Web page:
There have been moves at EU level to use alternative methods to calculate corporation tax owed, most notably a formula which would include physical assets, sales and employment in each Member State. While this proposal aims to prevent firms from playing with profit attributions in order to minimise their tax bill, it would run counter to the logic of the Single Market – free cross-border capital flows – and it would severely disrupt existing investment, as well as introduce uncertainty about the future framework on CITs. Given the trivial amounts involved, one is doubtful that such measures could improve matters.

3) Making companies pay more tax would not be costless

Discussions of corporate tax avoidance often go from the assumption that there is a given amount of tax that can be “recovered” through more active enforcement by the taxman, and that this recovery will have zero impact on investment flows, capital deployment, wages and shareholder returns.
Nothing could be further from the truth. As mentioned, CITs in a globalised economy affect the wages that workers are paid. They are also a factor the decision of whether to invest or spend, meaning that higher effective CITs will reduce investment at the margin. And they have many indirect consequences, for instance, the returns that pension funds can offer savers.

There may be a willingness to increase the amount of revenue raised from corporation tax, but there are important trade-offs to be considered. To think that all will remain the same if the effective tax burden is made heavier is delusional.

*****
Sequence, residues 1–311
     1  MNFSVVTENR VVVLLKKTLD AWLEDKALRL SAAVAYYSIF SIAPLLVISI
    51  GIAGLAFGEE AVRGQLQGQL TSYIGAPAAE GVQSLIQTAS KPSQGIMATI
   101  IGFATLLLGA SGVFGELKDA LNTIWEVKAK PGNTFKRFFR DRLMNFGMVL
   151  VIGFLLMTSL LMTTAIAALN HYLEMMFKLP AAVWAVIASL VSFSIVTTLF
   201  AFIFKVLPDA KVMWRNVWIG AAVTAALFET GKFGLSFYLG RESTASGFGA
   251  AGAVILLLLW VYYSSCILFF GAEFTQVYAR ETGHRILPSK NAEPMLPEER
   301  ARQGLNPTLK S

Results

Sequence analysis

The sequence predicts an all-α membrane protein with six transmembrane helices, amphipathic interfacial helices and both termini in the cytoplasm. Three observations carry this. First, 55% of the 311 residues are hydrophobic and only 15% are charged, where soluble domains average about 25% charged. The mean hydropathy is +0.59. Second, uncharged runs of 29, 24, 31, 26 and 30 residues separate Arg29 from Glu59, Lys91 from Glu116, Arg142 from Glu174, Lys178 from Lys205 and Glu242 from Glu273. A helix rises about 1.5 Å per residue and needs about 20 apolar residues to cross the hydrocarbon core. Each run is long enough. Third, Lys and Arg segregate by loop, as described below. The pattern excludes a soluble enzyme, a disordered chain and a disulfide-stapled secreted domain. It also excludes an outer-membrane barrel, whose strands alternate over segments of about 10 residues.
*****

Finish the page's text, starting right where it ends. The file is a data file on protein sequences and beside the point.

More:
4) Good news! Corporation tax is not the only way to tax multinationals

Underlying arguments for more action on tax avoidance by multinationals is a fear of corporate impunity. The supposed rise of the stateless, faceless business giant worries many people who wish for everyone to be subject to the same standards. “Corporations should pay their fair share” is an oft-repeated slogan, and a powerful one.

But we don’t need CITs in order to ensure that corporate profits are taxed. Indeed, taxing distributed profits – dividends – would achieve this aim and have far fewer unintended effects on investment and capital movements. Furthermore, if it is believed that corporations benefitting from a country’s rule of law, contract enforcement and infrastructure should pay for these public services, charges could be introduced. Again, these levies might have an impact on firms’ investment decisions, but it would arguably be smaller than under CITs, and experimentation would tell us whether they were effective or not.

Public policy should evolve with the times. Corporation taxes were devised at a time when most capital was physical and trade was restricted. A century later, innovation and globalisation have increased the scope for productive capital to move around the world, raising millions of people from poverty in the process thanks to foreign investment by private firms. In line with these developments, there are many ways that the international tax system can be reformed for the better. But that requires an understanding of the economic implications of our actions.

Diego Zuluaga is Financial Services Research Fellow at the IEA